When it comes to voice search in healthcare, only 24% of consumers are using voice-enabled devices to search for healthcare information.
From smartphones to smart speakers, consumers are searching with their voices. What exactly they are searching for when it comes to healthcare-related topics is explored in a new study from the market research team at Zion & Zion, a top-ranked, full-service national marketing agency.
The study reveals only 24% of consumers have searched for healthcare information by speaking a question into their voice-enabled devices, such as Amazon Echo, Google Home, or phones equipped with Siri or Google Assistant.
The aim of the study is to better understand how consumers search using voice assistants and their implications for the healthcare industry, Zion & Zion conducted a nationwide survey of 1,049 consumers ages 18+. The study investigated how consumers are using voice-enabled devices to search for healthcare-related information.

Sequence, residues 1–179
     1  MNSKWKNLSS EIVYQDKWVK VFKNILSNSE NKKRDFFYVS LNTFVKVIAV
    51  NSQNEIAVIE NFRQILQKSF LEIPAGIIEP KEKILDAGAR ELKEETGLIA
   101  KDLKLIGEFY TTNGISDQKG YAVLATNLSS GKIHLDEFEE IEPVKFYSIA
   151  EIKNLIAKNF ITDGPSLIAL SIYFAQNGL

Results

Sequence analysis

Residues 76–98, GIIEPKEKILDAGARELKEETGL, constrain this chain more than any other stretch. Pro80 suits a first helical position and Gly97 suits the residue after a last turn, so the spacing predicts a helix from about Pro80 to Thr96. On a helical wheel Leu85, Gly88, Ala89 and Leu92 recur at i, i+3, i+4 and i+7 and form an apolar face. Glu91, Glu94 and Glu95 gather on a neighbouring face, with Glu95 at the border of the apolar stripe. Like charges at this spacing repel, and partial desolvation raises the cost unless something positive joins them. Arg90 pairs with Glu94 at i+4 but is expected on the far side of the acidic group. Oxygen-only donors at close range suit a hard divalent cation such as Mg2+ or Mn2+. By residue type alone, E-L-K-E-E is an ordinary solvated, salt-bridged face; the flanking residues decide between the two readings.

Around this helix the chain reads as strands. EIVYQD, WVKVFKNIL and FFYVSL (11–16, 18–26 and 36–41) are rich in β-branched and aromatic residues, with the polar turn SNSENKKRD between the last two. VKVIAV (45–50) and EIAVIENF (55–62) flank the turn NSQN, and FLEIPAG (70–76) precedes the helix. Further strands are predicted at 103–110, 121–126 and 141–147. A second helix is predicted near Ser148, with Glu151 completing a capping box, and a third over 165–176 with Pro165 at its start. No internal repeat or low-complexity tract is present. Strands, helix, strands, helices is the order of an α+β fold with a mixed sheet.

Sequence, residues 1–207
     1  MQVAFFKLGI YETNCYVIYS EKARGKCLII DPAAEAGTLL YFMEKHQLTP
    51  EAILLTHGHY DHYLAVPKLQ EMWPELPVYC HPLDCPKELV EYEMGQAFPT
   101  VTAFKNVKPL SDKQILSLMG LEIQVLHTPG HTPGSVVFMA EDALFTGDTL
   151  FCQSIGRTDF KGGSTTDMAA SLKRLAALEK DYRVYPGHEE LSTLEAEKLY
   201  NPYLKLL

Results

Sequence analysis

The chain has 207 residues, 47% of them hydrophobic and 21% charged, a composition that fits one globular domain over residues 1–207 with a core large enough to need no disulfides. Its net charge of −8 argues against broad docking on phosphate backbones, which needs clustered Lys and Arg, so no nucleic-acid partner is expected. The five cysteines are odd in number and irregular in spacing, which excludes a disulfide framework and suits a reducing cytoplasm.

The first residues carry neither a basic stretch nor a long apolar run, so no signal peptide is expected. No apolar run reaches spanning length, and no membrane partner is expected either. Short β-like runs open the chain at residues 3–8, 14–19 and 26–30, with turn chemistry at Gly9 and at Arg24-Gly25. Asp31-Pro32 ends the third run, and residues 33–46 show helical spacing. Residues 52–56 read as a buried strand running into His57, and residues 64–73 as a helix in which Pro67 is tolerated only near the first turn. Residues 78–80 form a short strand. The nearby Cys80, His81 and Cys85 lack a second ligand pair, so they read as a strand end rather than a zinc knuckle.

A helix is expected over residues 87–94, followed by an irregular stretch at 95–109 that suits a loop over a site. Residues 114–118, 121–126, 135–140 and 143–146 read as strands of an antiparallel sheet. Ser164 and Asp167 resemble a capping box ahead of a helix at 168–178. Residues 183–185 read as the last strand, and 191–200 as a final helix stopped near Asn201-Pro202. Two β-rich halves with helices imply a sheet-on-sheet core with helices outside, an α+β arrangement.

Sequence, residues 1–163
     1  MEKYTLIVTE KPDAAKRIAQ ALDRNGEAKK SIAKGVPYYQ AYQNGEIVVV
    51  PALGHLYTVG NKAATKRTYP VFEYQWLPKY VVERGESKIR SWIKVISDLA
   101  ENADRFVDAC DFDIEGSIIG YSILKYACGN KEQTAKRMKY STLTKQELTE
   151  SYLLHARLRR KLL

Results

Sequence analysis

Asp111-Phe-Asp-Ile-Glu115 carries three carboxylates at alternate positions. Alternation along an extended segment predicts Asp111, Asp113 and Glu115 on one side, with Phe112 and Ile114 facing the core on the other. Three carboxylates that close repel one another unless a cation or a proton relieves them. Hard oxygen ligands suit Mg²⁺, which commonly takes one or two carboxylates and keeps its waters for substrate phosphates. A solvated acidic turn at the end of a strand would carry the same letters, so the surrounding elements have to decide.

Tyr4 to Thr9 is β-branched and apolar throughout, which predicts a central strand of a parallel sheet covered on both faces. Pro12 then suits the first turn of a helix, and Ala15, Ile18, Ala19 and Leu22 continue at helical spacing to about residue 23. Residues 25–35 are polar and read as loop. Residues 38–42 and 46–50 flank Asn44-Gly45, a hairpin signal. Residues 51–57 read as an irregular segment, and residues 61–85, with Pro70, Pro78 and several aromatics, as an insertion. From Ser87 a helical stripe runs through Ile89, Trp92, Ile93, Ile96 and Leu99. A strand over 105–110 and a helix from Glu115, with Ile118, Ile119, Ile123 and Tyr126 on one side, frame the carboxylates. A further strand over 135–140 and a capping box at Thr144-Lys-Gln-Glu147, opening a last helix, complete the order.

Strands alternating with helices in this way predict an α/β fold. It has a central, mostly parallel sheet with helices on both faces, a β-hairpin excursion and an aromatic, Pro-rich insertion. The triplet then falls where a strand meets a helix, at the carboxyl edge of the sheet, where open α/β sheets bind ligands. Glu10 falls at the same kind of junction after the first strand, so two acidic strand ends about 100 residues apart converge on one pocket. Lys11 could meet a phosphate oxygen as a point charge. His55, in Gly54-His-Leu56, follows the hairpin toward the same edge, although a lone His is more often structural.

Other key findings of the report include:
– The most popular healthcare voice queries are those pertaining to symptoms or treatments of an ailment, disease, or other health condition—posed by 65% of consumers who have used their voice to ask a question of their voice-enabled devices. 32% have used their voice to search for a doctor or specialist.
– Of consumers using voice search for health questions, nearly one-third of respondents in our study say that they use voice search to find a doctor, and 28% are looking for a hospital, emergency facility, or clinic. The volume of these voice searches is certain to climb as Apple’s recently introduced Siri-enabled HomePod smart speaker grabs market share.
– Both those 29 and younger, and those 45 and older, use voice-enabled devices to obtain health information less frequently than those 30 to 44. Across all ages, the most popular health topics searched for via voice are related to symptoms and treatments of health conditions.
– The top reasons for not using voice-enabled devices to search for healthcare information are not having a need to do so (28%) and those who would rather type their question into a browser (26%).